5. Conclusions

In this study, new estimates of future changes in extreme water levels have been made for the European shelf sea region. These show that changes in storminess will increase the height of storm surges at most coastal locations around the UK coastline, however the size of the change will vary with location. Increases in time-average sea-level will also tend to increase the height of extreme water levels, measured relative to present day tidal level, at all locations around the UK coastline. In addition, vertical land movements will alter the relative height of extreme water events measured on the land. The largest increases in relative surge height are predicted to occur off the southeast coast of England, where the changes in storminess will have their biggest effect and where the land is sinking most rapidly. An alternative way to interpret these results is in terms of the return period of a given extreme water level being exceeded. The present work suggests that, in the future, the return period of large events could decrease by more than an order of magnitude at some locations.

The sources of uncertainty in projections of future storm-surge height have been highlighted. While minimum ranges for some of these uncertainties were presented, these should not be assumed to span the full uncertainty range. In order to reliably quantify the uncertainty in storm surges, a large number of storm-surge simulations will be needed, and this will require a large amount of computing resources. However, given the importance of being able to plan for future coastal flooding, this should be seen as a research priority.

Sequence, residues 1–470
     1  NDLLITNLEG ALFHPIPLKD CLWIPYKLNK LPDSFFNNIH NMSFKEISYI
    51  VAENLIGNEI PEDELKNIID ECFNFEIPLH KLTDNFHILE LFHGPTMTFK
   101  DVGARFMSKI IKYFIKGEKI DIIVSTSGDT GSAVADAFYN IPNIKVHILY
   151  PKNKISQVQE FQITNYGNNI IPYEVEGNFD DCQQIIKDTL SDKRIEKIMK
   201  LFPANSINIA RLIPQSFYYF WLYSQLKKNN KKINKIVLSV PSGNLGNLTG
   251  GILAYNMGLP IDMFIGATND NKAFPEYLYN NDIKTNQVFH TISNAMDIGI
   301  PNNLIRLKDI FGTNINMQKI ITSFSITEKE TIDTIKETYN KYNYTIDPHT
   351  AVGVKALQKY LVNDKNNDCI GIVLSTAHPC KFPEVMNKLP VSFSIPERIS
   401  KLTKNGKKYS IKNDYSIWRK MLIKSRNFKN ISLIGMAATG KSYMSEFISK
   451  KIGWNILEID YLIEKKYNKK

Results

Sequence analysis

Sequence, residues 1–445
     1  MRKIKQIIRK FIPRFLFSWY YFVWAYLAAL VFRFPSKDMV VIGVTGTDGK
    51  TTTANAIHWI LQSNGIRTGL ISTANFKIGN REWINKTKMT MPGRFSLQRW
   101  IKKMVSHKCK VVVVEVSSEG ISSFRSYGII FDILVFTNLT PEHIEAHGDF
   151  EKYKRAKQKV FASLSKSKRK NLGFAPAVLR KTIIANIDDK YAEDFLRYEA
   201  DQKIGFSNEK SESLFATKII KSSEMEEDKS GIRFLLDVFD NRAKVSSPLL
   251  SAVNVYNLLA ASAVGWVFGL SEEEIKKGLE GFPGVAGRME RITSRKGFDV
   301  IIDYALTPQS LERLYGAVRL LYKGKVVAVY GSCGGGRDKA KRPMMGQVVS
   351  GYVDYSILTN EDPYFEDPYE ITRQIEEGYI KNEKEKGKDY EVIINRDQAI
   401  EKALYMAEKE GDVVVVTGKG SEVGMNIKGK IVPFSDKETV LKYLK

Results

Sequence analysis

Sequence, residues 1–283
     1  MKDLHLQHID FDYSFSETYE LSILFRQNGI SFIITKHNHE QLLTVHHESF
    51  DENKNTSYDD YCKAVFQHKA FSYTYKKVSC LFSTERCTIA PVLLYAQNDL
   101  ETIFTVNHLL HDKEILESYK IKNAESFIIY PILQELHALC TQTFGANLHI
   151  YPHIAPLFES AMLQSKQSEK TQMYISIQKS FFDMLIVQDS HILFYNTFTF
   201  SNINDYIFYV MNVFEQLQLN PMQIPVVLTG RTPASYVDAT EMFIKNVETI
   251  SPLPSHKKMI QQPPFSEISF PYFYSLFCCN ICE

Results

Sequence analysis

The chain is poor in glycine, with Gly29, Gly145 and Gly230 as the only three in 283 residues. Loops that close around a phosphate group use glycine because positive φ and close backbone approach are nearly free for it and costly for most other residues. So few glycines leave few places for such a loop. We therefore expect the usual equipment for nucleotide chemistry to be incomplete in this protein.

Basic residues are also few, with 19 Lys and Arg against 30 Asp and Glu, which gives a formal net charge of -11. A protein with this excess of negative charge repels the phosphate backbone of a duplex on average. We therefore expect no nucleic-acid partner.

Acknowledgments

Roger Flather at the Proudman Oceanographic Laboratory developed the storm-surge model and provided figure 6b. The regional climate model simulations were carried out by David Hassell at the Met Office. This research was supported by funding from the UK's department for the environment, food and rural affairs under contract PECD 7/12/37.

Footnotes

  • One contribution of 14 to a Theme ‘The Big Flood: North Sea storm surge’.

  • Storm surges are temporary increases in sea-level, above the level of the tide, caused by low atmospheric pressure and the force exerted on the sea surface by strong winds. The water level may be increased further by the geometry of the coast, which can cause a funnelling effect. Surges are potentially most damaging when they occur at high tide.

References